The Spokane City Council could soon vote on a proposal to allow people to stay in the City Hall lobby all day – a move one council member said could inadvertently turn the building into a warming shelter.
The ordinance’s sponsor, Councilwoman Kate Burke, said it was created to address confusion over city policies regarding how long people can stay in the lobby. In the past, Burke said, signs had been posted limiting people to one hour inside City Hall, and she said she was afraid the policy may have been unequally applied to the homeless.
“I just want to make sure that we are public servants and we are here to serve the whole public,” she said.
Councilman Mike Fagan said he believes opening up City Hall during regular business hours – potentially allowing people to spend an entire day there – could interfere with the work of city staff or turn the first floor of the building into a daytime shelter.
“I do not believe City Hall or staff are adequately prepared to deal with what I anticipate happening,” he said.
Fagan said the city’s bathrooms, cleaning staff and security personnel are not equipped to handle an influx of people, especially the homeless, during the day.
Burke said that if people staying in City Hall during daytime hours did create problems, it could start a conversation about how there are not many places for people to go on cold winter days. She said City Hall is still a place of business, so if anyone visiting the building were to make employees uncomfortable, impede traffic or create disruptions, they would be asked to leave.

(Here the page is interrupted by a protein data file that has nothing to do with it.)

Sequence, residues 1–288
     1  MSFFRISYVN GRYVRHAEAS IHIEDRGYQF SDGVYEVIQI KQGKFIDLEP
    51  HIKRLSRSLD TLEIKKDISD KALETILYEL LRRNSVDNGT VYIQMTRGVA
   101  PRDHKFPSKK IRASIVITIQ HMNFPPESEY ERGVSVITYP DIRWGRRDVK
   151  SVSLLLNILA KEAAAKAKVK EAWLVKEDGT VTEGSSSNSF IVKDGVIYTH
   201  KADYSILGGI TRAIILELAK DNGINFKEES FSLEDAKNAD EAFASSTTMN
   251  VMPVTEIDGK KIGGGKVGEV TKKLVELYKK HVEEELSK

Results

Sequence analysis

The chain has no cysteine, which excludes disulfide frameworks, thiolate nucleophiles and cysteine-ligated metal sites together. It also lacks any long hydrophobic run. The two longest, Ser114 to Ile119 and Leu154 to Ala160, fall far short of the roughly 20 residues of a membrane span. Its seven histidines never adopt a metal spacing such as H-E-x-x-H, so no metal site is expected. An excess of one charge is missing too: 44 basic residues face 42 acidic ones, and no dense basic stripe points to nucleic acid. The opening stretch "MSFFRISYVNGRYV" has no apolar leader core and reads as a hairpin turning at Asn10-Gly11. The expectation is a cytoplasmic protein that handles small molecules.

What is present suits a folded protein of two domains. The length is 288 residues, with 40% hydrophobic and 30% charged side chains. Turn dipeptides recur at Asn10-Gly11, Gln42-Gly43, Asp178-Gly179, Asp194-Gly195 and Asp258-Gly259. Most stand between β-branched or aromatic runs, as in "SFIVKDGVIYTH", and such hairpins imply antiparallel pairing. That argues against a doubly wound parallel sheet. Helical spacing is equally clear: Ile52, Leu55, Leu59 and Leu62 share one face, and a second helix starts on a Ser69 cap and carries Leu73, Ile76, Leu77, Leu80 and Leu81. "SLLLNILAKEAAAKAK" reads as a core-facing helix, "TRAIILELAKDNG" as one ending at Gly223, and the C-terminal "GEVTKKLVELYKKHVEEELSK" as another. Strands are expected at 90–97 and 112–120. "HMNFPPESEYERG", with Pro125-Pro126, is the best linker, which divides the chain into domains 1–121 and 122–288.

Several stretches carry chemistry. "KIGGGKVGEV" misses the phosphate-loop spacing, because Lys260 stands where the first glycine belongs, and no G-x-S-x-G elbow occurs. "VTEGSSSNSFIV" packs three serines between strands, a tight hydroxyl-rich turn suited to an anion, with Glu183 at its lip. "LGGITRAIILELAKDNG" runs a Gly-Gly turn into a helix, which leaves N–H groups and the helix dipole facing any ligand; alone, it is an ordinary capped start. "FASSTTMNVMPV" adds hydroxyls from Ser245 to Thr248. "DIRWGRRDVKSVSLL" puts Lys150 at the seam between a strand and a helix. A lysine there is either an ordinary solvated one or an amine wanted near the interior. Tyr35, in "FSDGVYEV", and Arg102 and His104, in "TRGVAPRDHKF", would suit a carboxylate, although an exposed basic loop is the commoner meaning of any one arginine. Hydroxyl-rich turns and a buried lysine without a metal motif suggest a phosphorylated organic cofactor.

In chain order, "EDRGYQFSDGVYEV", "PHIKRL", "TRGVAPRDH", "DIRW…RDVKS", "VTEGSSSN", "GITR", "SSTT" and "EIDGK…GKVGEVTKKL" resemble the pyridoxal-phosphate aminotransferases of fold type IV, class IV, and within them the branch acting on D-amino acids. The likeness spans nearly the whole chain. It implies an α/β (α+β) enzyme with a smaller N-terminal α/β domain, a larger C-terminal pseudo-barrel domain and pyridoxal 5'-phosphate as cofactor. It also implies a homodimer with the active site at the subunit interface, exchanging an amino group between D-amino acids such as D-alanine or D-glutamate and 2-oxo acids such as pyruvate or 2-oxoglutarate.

Councilwoman Lori Kinnear said she doesn’t think the ordinance would turn City Hall into a warming shelter, but if issues do arise the city will deal with them when they happen. Kinnear said the one-hour time limit was put in place after someone was found to be abusing the space, and the new ordinance would return the city’s policies to what they were previously.
Kinnear said she doesn’t have a problem if people want to drink coffee or be in City Hall without a time limit, as long as the building still remains a place of business.
After losing 150 beds at the House of Charity this summer, Burke said she is concerned that many people who have spent the last few months outdoors will soon not have a place to sleep at night or anywhere to go during cold, winter days.
She said warming center funding the city will consider Monday may not be enough to meet sheltering needs over the winter. In addition to the question of opening City Hall, the city on Monday will consider funding for Family Promise Open Doors to expand its emergency shelter, as well as allocations to fill in gaps at two women’s shelters, Women’s Hearth and Hope House, to ensure women have someplace to go 24 hours a day, according to city documents.
“If people end up staying the whole day because they have nowhere else to go, they won’t get kicked out,” Burke said of removing time limits on City Hall visits. “But at the same time, if that’s happening with a ton of people, that should be a sign that these folks are looking for a place and they aren’t finding one anywhere else.”
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